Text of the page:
After body is dumped in Irvington, homicide is traced back to Orange

IRVINGTON, NJ — According to the Essex County Prosecutor’s Office and authorities in Irvington, Orange suffered its third homicide of the year, after police determined that a woman found on Krokit Place in Irvington on Friday, Aug. 17, had actually been killed in Orange, then dumped there.

The victim has been identified as Shafequa Cooper, 38, of Irvington. On Tuesday, Aug. 21, acting Essex County Prosecutor Robert D. Laurino and Irvington Police Director Tracy Bowers announced: “The woman’s body was discovered by a motorist at approximately 8:55 a.m., suffering from what appeared to be gunshot wounds,” said Laurino on Tuesday, Aug. 21. “The investigation is active and ongoing. The motive is unclear and no suspects have been identified at this time.”

“Turned out to be an Orange job,” said Irvington Public Safety Director Tracy Bowers on Monday, Aug. 20.

Therefore, Cooper’s homicide will be counted in Orange instead of Irvington.

According to the Essex County Prosecutor’s Office, Orange previously suffered two homicides this year — one on Sunday, May 13, the other on Monday, May 28 — however, there were no official public announcements about either by county officials.

In reference to the victim of the first homicide, Raymond White, 32, of Orange, Essex County Prosecutor’s Office Director of Public Information Katherine Carter said Tuesday, June 5, “There may have been some confusion because the victim did not die right away. He was shot at 1:13 p.m. and died at 10:06 p.m. on Mother’s Day.”

Prior to Carter’s confirmation, the only people in Orange who seemed to know anything about this homicide on Oakwood Place were residents of that street and nearby Wilson Place, as well as Orange police officers and firefighters who responded to the incident. The same was true for the second homicide on Park Avenue.

With regard to the second homicide victim, Neil Meyers, 23, of Irvington, Essex County Prosecutor’s Office Chief Assistant Prosecutor Thomas Fennelly said Wednesday, June 13, “There was a homicide in Orange on May 28. The Orange Police Department is assisting the Prosecutor’s Office in the investigation, so I don’t understand why the Orange Police Department is telling you that the incident is unreported or unacknowledged. A male victim was shot while he was riding a motorcycle on Park Avenue. The victim was pronounced dead a short time later at University Hospital.”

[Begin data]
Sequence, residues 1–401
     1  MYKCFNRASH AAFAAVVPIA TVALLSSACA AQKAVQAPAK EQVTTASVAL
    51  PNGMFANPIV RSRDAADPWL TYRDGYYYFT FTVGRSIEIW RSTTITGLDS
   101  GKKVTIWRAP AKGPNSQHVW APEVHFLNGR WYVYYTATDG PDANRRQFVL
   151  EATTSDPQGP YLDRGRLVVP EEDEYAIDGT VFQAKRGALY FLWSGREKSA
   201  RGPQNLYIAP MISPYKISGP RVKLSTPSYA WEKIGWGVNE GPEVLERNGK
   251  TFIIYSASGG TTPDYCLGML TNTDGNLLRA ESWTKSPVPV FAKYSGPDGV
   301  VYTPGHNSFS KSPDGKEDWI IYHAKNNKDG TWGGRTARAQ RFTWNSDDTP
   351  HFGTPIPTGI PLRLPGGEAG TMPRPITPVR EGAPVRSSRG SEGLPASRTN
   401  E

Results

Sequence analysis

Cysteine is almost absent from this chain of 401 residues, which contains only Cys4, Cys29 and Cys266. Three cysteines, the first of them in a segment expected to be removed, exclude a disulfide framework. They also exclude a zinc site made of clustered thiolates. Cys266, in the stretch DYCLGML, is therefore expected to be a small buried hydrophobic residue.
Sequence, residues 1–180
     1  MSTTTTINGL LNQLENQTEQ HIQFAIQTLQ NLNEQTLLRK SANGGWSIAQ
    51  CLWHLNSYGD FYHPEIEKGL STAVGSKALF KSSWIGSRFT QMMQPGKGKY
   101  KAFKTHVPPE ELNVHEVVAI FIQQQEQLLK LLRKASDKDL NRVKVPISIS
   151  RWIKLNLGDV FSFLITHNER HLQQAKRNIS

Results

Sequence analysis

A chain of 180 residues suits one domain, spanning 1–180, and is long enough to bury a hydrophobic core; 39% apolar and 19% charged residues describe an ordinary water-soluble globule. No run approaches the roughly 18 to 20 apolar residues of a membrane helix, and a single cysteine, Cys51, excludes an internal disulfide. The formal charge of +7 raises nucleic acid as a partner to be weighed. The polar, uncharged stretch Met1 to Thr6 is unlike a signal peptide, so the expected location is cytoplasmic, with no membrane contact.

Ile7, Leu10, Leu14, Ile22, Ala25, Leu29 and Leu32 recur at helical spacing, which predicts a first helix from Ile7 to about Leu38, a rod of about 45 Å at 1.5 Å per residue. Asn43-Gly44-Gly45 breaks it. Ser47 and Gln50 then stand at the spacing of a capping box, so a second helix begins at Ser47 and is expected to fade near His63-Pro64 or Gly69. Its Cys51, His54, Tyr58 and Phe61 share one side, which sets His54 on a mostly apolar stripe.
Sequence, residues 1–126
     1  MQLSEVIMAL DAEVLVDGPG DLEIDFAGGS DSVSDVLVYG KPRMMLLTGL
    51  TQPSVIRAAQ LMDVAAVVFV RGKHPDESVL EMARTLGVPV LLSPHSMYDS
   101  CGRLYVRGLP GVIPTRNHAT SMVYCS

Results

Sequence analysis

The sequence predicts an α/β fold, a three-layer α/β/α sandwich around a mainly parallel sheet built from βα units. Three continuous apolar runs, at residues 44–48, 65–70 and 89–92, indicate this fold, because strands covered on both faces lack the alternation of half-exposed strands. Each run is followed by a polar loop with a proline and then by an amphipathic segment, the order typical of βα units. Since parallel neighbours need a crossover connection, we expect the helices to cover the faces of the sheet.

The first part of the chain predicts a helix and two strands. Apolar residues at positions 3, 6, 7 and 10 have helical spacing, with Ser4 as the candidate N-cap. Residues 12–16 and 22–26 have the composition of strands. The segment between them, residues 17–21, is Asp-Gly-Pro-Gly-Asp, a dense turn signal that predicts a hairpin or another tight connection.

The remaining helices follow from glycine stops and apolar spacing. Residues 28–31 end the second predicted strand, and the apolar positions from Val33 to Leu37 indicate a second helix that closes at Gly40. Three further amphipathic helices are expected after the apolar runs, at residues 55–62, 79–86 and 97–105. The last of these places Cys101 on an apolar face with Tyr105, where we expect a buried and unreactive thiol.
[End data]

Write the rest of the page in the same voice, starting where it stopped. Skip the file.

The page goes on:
Irvington and Orange were again linked by the homicide Friday, Aug. 17.

“It happened in Orange, but they dumped the body in Irvington off Chancellor Avenue and Krokit Place, on the side of the old Irvington General Hospital site that’s not developed yet. No one hangs out on Chancellor and Krokit,” said Irvington Mayor Tony Vauss on Monday, Aug. 20. “It’s Orange, not us. That’s the second time that they have dumped a body in Irvington of a person that was killed somewhere else. It’s still sad that somebody lost their life.”

According to Bowers and Laurino, the most recent homicide was also apparently the result of a shooting.

The Essex County Prosecutor’s Office usually handles all homicides in any municipality in Essex County, regardless of individual departmental jurisdiction, generally in conjunction with local law enforcement.

The public has noticed the spate of killings in Orange in the last few years.

“It’s like they’re trying to keep a lid on what’s really going on out here in these streets everyday, but they can’t, because regular people are around when they happen and they go and tell other people about it,” said Reggie Miller, coordinator of the Rutgers University Male Student Support Program at Orange Preparatory Academy, on Thursday, June 2. “Right now, that’s what Orange is known for, because of all these shootings and homicides. It’s so prevalent now that it’s weird. And that’s just the statistics speaking.”

“Essex County is really the four cities, Orange, East Orange, Irvington and Newark, where it’s going down,” said Miller. “So you can’t tell me these four cities that take up about 25 square miles or 20 square miles is capable of one-third of all the murders in this state, so I said I’ve got to do something about it.”

Bowers agreed with Miller.

“Public safety is an all-hands-on-deck operation,” said Bowers on Monday, June 4. “Any and all stakeholder participation is welcome, because all of our destinies and safety (are) tied to each other’s. So the collaboration with police and community and all who want good is welcomed. In terms of gun violence, we must talk about it to successfully eradicate it.”

Orange Police Director Todd Warren and Mayor Dwayne Warren did not respond to requests for comments about the recent homicide by press time this week.

COMMENTS